Monday, February 27, 2012

Good News, Bad News

So, what happened on Friday of Week 3 that has potentially killed me for the rest of the RDWC challenge?

After a week of taping my ankle to help with support, I’d had the tape off for about 2 days, giving it a chance to prove itself before derby on Sunday. My quadriceps were still pretty sore from the previous weekend, but I was still stubbornly believing that there was nothing to worry about, and that I’d be fine by Sunday. Then, on the way to watch the football with some friends at the pub, my ankle gave out. I landed heavily on my knee (thankfully not the dodgy one!), and all of my weight went back. Those crazy tight quads screamed, and so did I.

It took me almost 10 minutes to limp the 30m from where I fell to the pub. A skinned knee dripping blood down my leg was the least of my worries. My right leg couldn’t bear weight without feeling like I’d been stabbed in the thigh.  I was fairly convinced I had ripped the muscle from the bone. I spent 2 hours sitting on one bar-stool, my leg supported on another, with ice wrapped around my quad, before I felt like I could put any weight back on it. Thankfully, my favourite team was playing their pre-season game, so in between growling, yelping and crying, I got to see them play. After hobbling to the car, and then from car to boyfriend’s couch, I spent the rest of the night with ice on and off. The pain localized, and seemed to be focused on my vastus intermedius, the middle section of the quadriceps, the type of pain suggesting partial tear, rather than full snap. Despite being good friend’s with my physio, and knowing he was open the next morning, I decided to wait it out until my appointment Monday afternoon. I knew the drill: RICE. Rest, Ice, Compress, Elevate. Saturday, could weight-bear for short distances, but rested up as much as possible. Sunday, the first day of RDWC’s Week 4, I decided to test myself.


I couldn’t strap anything but my ankle, thanks to the amount of sweat that appears on a 38C day. I got 3 laps of the track at a teeth-clenching jog before having to pull out in pure agony. No luck with squats, even less with lunges. 50 wall push-ups and about the same of crutches later, and the uninjured Fresh Meat had finished their warm-up. Threw on the skates, made it halfway around the track before having to rip everything off. I was in tears, and not just because of the pain.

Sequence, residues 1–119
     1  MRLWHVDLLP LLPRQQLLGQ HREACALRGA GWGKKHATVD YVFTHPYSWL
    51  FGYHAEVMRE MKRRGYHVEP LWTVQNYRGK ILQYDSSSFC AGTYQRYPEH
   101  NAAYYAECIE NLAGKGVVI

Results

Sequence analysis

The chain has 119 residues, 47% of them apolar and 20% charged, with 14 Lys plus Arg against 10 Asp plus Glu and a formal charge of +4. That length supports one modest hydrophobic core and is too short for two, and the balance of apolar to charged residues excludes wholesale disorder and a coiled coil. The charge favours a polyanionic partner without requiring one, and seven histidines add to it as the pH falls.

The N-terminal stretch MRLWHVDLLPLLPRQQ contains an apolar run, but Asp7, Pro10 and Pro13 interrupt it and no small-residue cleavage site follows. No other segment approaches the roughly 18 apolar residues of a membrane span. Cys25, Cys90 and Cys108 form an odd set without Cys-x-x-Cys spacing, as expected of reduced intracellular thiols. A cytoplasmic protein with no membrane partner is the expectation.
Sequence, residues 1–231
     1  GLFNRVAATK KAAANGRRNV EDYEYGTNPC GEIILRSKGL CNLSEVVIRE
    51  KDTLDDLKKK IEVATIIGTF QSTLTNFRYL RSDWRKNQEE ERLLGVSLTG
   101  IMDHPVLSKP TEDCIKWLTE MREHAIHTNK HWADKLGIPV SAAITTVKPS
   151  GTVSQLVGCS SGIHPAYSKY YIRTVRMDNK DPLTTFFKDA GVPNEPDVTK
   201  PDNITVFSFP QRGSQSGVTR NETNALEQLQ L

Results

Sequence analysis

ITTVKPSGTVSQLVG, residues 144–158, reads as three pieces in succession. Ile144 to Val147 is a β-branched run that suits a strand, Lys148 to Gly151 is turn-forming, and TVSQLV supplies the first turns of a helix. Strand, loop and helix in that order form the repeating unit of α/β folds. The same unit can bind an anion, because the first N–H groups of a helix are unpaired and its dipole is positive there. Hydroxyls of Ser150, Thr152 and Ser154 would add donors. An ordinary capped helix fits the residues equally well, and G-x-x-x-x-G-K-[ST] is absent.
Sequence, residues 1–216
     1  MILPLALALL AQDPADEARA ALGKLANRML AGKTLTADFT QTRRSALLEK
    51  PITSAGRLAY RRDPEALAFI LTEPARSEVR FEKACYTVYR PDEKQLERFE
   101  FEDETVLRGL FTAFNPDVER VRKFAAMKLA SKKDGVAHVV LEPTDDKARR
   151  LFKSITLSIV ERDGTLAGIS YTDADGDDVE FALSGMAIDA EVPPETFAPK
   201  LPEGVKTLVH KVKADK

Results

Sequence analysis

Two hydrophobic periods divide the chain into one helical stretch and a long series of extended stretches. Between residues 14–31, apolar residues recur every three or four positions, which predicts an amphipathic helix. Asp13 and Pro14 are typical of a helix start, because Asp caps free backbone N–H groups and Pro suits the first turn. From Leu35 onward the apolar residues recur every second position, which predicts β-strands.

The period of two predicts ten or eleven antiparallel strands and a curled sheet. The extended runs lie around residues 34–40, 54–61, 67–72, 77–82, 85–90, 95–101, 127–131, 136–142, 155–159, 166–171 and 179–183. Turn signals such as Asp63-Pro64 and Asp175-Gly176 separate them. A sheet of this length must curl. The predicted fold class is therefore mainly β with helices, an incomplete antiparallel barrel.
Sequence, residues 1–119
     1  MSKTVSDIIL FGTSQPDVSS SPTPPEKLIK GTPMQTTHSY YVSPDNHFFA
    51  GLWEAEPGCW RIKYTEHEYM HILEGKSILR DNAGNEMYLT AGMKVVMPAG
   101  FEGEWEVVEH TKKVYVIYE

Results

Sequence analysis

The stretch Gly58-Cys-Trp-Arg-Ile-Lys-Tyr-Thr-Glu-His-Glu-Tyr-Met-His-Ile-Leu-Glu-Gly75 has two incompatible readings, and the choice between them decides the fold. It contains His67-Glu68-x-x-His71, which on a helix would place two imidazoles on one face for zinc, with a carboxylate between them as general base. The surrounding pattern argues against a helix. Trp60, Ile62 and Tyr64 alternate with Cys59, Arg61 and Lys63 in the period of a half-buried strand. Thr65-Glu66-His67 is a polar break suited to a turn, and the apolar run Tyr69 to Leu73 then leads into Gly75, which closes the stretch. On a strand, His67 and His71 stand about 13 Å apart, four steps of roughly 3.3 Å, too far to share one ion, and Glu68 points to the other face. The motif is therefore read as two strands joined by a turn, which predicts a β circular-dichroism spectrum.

The following three hours were seriously depressing. I watched as my fellow Fresh Meat worked on their falls and slides, learnt the fine art of the slalom, and practiced their hops. I didn’t want to be sitting on the side-lines, I wanted to be out there, falling on my arse, laughing, learning. Instead, I watched, and I listened, and I tried to remember everything that was said, in the vain hope I’d be back the next week. Once the Fresh Meat had finished, I was the only one to stay behind for the level 2 and up training, like I do every week, even getting the opportunity to act as penalty timer for scrimmage. It was great, I learnt a lot, and our Fresh Meat coaches were fantastic, encouraging me to come along next week even if I was off skates, and telling me they’d run me through a one-on-one catch-up session when I was back on my wheels. That made me feel better (Thanks Ace and Fink!), but I still couldn’t shake the sinking feeling that in the space of one week, I had blown a year of physio and hard work. Home to more ice and an early night.

Today, I saw my physiotherapist.

“A Grade Strain”. After 15 minutes of explaining what happened, how it felt at the time of the injury and since, discussing my suspicions, and having a bit of a poke around (Ok, actually more technical than that, but you don’t want details of my screaming and crying), those three words were a sweet relief. A strain I can handle, as long as the muscle is intact. An intact muscle doesn’t need surgery, it just needs some gentle love and attention until it is healed.

The verdict? Minimum two weeks recovery. I have set exercises I have to do 3 or 4 times a day, and am restricted to walking, with a reassessment in one week. In the words of my physio “No running, no jumping, no hopping or skipping or lunges, and for gods sake, no skates!” Any core work involving my legs is out, so no planks, wall sits or push-ups (unless they’re one legged, against an upright surface, on my good leg). It’s boring, and it’s horrible, and I’m annoyed, but you know what? I’ll do it. I’ll take the weeks off skates until I’m approved again. I’ll research a million-and-one ways to work my core, back and upper body without engaging my quads. Because I want it. Because derby is worth fighting for. And because I’ll be damned if I’m letting my body get the better of me again.

Neysa xo


  1. Hi,
    As someone who has just started her Derby journey I was really looking forward to seeing how you went, when boom, it all seems to be over.
    Which sucks.
    A lot.

    Have you managed to get back into it or have your saving the world Cancer research filled in the time? (Which is AWESOME btw)

    Would love to have an update on derby or even just your poor ankle.

    Derby Love,

  2. Hi Malice, thanks for the comment! I've sadly let myself fall behind in my blogging, as life offline got more and more demanding. Whilst research does take up the lion's share of my time, I am still involved in roller derby, though now as a ref, rather than a bouting skater. I have been meaning to throw together a post about my derby shenannigans for a while now, and you've just given me the boot up the butt to do it :D